Little is left to do, except clean up, tie up odds and ends, wish each other well. I had slapped together a quick mailing list for we could network online, a crucial step in finding those perfect next jobs, or at least, cheering each other on. I already had plans for the weekend, to go to the annual film festival and see my friends’ hard work up on screen. The rest could wait.

I left the office late in the day, knowing I’d still have to come back the following week for more cleanup work. Getting out would be harder than expected.

• • •

The film festival was fun, though I was worn out going in. Couple that with the well-meaning barrage of pity hellos, and even relaxation was turning into impromptu networking and PR. Naturally, I couldn’t even get a pity lay out of it. Pity.

Before that was a round of drinks or three at The Garage. We talked about what was next, how to keep in touch, the joy and the sorrow. And like any good office get-together, we had cake.

At the rounds of parties at the film fest, I heard from longtime readers. I feel better knowing that at least for some, we made a difference. Democracy needs many voices, and the silencing of one is a threat to our freedom. We had but a tiny voice, but someone heard us.

• • •

We weren’t wiped out by a hurricane, we just lost our jobs. I realize that the pressure is greater for those who must support loved ones, and that I’m very fortunate to have some flexibility in my plans.

And I have mad perspective. Life goes on. My friend Kenn won his first screenwriting award at the festival, one long overdue for his considerable talents. And my friend Joe, who went to school with me for six years, who lived in New Orleans for more than 10 years, e-mailed me to let me know if I needed anything, to call him.

Let me tell you something: He told me some horrific stories of his post-Katrina life. Two of his coworkers are presumed dead. His entire city’s future is uncertain, but he wants to go back and help his company, his friends, his neighbors, his community rebuild.

And he still reached out to me. God bless him.

Losing a job ain’t nothing, my friends, compared to what the world can throw at you. Don’t you dare believe otherwise.

• • •

So this past week, I went to career counseling. I went to the office and tossed more files in the trash. I asked people about their plans, then sent out e-mails on their behalf. I went to the dentist and the eye doctor to max out benefits.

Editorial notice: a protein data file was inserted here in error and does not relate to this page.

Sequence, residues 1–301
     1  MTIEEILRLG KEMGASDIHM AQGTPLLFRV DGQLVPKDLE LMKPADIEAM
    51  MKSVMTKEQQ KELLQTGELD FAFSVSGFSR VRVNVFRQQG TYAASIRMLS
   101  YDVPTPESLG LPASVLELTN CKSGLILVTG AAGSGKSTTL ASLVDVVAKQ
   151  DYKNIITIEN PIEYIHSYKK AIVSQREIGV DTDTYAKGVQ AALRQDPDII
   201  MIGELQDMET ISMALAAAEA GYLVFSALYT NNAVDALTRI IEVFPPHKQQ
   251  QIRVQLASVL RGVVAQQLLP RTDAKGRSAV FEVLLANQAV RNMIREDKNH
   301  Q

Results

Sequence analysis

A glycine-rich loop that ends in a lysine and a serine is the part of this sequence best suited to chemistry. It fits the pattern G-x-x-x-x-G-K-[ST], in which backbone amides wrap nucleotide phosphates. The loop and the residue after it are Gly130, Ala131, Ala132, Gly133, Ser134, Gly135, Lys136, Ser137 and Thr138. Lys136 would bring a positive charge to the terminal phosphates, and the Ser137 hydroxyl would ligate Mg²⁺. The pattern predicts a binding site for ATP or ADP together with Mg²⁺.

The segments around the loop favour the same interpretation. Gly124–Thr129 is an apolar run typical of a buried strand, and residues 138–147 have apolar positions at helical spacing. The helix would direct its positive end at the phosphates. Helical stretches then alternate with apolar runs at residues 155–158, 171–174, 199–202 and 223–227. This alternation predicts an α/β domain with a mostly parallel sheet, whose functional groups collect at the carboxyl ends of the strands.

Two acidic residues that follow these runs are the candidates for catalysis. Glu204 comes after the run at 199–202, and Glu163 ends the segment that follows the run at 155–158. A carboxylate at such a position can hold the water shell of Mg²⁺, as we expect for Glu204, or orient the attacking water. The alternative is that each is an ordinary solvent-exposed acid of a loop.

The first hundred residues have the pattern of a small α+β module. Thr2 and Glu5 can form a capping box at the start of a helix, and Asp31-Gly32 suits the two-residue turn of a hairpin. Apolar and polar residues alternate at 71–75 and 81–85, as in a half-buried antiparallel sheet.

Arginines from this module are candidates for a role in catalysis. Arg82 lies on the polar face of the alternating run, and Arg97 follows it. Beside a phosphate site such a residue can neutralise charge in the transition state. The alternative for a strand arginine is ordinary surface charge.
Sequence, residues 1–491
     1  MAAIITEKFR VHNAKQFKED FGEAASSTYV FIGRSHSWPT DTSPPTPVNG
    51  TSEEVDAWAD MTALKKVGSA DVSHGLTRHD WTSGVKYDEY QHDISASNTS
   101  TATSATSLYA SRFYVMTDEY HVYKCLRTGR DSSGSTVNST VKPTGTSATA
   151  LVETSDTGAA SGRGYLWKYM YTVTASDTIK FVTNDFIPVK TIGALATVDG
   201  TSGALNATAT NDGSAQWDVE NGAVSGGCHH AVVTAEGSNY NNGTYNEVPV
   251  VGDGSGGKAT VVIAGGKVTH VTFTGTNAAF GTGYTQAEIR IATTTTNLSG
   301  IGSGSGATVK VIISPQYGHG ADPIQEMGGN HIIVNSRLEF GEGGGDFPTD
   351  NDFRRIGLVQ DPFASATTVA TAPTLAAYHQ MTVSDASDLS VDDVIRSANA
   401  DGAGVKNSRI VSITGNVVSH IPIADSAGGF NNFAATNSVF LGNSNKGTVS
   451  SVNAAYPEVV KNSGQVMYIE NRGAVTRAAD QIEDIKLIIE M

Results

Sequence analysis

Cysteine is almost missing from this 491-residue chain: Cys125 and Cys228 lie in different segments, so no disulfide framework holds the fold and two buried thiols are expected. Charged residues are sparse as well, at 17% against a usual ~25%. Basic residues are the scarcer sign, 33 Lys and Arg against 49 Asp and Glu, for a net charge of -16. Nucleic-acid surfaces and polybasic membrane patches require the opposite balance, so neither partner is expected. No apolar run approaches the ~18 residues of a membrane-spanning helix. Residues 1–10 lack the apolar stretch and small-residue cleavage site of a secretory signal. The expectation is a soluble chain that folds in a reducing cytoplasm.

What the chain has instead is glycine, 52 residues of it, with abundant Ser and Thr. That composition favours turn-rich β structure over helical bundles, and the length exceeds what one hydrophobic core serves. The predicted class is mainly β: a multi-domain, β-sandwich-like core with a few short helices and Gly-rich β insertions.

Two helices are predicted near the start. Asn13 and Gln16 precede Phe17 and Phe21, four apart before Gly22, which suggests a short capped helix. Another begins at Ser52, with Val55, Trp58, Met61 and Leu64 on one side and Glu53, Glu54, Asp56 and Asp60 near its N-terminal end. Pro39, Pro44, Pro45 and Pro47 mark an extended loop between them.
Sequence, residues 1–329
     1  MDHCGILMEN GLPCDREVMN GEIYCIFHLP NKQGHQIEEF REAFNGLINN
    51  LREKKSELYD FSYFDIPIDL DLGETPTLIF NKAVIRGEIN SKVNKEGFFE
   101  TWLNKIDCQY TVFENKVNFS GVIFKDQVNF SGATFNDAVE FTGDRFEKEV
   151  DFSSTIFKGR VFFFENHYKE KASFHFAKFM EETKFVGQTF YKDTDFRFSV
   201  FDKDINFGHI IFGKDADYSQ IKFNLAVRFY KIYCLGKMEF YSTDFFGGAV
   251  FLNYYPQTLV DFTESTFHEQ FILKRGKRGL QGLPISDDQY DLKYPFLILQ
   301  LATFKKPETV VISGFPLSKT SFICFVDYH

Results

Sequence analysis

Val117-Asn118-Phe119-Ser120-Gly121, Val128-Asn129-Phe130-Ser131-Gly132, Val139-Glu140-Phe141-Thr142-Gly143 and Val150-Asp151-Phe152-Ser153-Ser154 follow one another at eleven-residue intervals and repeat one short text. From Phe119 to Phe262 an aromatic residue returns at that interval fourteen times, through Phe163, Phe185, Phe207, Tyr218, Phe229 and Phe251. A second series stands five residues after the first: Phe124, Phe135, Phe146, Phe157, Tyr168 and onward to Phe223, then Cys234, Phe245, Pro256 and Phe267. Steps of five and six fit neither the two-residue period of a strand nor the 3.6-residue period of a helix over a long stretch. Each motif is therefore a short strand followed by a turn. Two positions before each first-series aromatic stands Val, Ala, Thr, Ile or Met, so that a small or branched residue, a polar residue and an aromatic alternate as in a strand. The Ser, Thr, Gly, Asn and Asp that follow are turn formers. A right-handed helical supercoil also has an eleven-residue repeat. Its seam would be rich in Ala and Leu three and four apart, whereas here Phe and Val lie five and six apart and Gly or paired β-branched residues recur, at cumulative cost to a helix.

And I put off writing this closing note.

It was triage in a busy week. Network, investigate, bounce ideas off people, critique resumes and let people know we can help.

The coming days are filling up. I need to work on my career plan, on reaching out to everyone in shouting distance to network, to revise my resume, to focus my energies on things I want, things I love.

This note is an indulgence, a way to close out the previous chapter and move on to the next one. I thank you for staying with me this far.

• • •

When I came to the Post-Herald on Aug. 1, 1996, I was a kid hungry to learn the business. The newspaper became an afternoon paper on Aug. 5. I started out as a copy editor/page designer who quickly made friends in the newsroom and became closer to the friends I already had there.

On Jan. 20, 1998, I became features editor, much to my surprise. I wasn’t nearly ready for the role, and made many mistakes in learning how to be an editor, a follower, and a leader. A few months later, I began writing a weekly column, as I had done at previous publications.

Like that, I had achieved my biggest goals.

Over time, I settled nicely into my role, while still looking for ways to grow while improving the newspaper. Part of my readiness to move on was outgrowing the position. I needed new aspirations, new challenges.

Looks like I’ve got those by the fistful now.

• • •

If I’m the last among us to land a job, I can think of worse things. But in the meantime, I’ll be drawing upon your good wishes, your contacts, your job leads, your help in many forms.

You’ll be hearing from quite a bit in the coming weeks, tapping you for whatever. You’ll know exactly what I’m looking for, either for myself or a trusted colleague.

I’m calm, simply because I’d rather choose my destiny rather than worry and waver.

Naturally, I want to hear what you’ve been up to lately. I just learned recently that my new dear friends Christina and Chris are expecting.

It’s funny how that matters more to me than these other mundane tasks.

Again, thanks for your indulgence. Write me when you can, though I’ll be keeping you posted as we go along.

And, take care.